Extending Traits


Is it possible to extend traits?

I want to create a new trait which is extended from multiple base traits. Is this possible ?

Also, is it possible to implement multiple traits at once? Something like

impl A,B for X {


Rust has trait inheritance, it looks like this:

pub trait A {}
pub trait B: A {}

However, this does not mean that if a type extends B it will automatically extends A; trait inheritance is just a way to specify requirements, that is, trait B: A means that we can know that if some type T implements B, it also necessarily implements A.

Naturally, you can use this to specify that a trait extends a combination of other traits:

pub trait Something: Clone + Send + WhateverOtherTrait {}

Again, it just means that every type which implements Something must also implement Clone, Send and WhateverOtherTrait.

Implementing multiple traits at the same time is not possible. I think this is because in the vast majority of situations traits are sufficiently different so such implementation won’t work anyway.


On the other hand, to specify that if a type extends A it will also automatically extend B you can use:

impl<T: A> B for T {}

in case you specified multiple types:

impl<T: Clone + Send + WhateverOtherTrait> Something for T {}

EDITED: previous version confused A: B with B: A


Because of this:

I found it’s more convinenient to think about this feature as “type bounds” on trait implementor, than as a trait inheritance. Once you call it type bounds, it makes things more clear: you just declare you have to implement these traits for T in order to be able to implement the trait.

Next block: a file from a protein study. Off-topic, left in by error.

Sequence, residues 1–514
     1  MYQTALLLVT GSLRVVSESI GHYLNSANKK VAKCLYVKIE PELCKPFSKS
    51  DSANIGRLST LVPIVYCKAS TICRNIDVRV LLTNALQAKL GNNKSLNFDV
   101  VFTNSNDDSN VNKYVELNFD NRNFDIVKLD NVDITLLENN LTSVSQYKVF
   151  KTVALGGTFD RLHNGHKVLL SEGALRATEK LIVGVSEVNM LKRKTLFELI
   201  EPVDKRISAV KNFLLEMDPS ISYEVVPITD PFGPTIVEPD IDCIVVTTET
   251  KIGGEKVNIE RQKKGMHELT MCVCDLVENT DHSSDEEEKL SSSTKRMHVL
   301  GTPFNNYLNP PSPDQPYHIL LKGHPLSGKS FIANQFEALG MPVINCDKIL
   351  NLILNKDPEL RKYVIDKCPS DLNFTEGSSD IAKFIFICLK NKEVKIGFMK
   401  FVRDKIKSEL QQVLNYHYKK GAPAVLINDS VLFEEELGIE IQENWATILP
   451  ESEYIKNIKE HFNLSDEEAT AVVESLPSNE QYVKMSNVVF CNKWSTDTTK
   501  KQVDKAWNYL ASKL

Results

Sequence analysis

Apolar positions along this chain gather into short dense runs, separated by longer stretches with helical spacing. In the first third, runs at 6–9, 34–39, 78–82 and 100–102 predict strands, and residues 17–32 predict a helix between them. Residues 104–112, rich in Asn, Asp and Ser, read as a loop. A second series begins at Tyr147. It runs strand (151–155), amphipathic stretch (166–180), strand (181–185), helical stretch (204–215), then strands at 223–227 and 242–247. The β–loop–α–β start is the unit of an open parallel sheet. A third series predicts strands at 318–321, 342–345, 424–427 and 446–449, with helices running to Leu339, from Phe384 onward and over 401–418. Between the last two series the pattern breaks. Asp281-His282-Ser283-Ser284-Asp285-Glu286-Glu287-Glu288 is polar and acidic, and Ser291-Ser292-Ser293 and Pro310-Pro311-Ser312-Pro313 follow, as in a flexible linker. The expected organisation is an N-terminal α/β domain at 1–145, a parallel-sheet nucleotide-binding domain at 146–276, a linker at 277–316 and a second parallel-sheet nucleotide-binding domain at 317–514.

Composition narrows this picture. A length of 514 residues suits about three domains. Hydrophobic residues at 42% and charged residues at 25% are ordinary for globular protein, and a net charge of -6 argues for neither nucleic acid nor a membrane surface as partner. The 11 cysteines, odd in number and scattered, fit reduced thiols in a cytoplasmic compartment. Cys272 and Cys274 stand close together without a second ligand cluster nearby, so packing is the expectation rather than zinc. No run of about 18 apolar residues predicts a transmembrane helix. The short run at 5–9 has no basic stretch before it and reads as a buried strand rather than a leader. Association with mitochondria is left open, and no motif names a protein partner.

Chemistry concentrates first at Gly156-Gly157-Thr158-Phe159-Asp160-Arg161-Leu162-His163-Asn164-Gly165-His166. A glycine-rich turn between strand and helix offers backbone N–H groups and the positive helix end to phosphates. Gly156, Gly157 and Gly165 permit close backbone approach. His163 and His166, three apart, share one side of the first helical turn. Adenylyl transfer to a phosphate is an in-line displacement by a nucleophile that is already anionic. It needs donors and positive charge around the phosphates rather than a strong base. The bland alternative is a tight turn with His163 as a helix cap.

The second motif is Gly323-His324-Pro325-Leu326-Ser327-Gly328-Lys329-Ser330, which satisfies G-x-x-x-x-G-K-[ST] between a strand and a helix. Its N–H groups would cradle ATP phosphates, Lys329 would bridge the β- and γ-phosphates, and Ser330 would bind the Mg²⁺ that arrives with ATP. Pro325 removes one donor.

Imagine situation, when you need to implement two traits with the same method names, e.g. Display and Debug: both have method fn fmt(&self, f: &mut fmt::Formatter) -> fmt::Result. How can you distringuish different implementations of the method for these traits if you do it at the same time (impl Display + Debug for MyType {})?


Isn’t it the other way around? That is, if type T implements trait A, trait B is implemented as well.


yea… no idea where my brain was while I was writing it…


If two different traits have methods with the same name, you can use universal function call syntax (UFCS) to distinguish them:



UFCS is about calling methods. I was talking about implementing methods, answering OP’s answer.


Oh, I missed that. Sorry!


A simple example based on the above discussion

trait OnOff{
    fn set_onoff(&self, b :bool){
       println!("OnOff Default");

trait Brightness{
    fn set_brightness(&self, brightness: i32){
        println!("Brightness Default");

//Now any type which implements 'Light' should implement 'OnOff' 
//& 'Brightness' as well 
trait Light: OnOff + Brightness{ }
struct MyLight{
    state: bool

//impl <MyLight: OnOff + Brightness>Light for MyLight{}
impl Light for MyLight{}

impl OnOff for MyLight{}
impl Brightness for MyLight{
    fn set_brightness(&self, brightness: i32){
        println!("Brightness = {}", brightness);

fn main(){
    let my_light = MyLight{state: false};

Now what is the difference between these two

impl <MyLight: OnOff + Brightness>Light for MyLight{}


impl Light for MyLight{}

Both are asking me to implement OnOff and Brightness

impl<MyLight: OnOff + Brightness> Light for MyLight {}

this one is 100% equal to

impl<T: OnOff + Brightness> Light for T {}

and implements the Light trait for all types that implement OnOff and Brightness. Even for types that someone created in another crate that uses your crate.

The other version

impl Light for MyLight {}

implements Light only for the MyLight struct


Good point. Thanks.


Working. Thanks :slight_smile: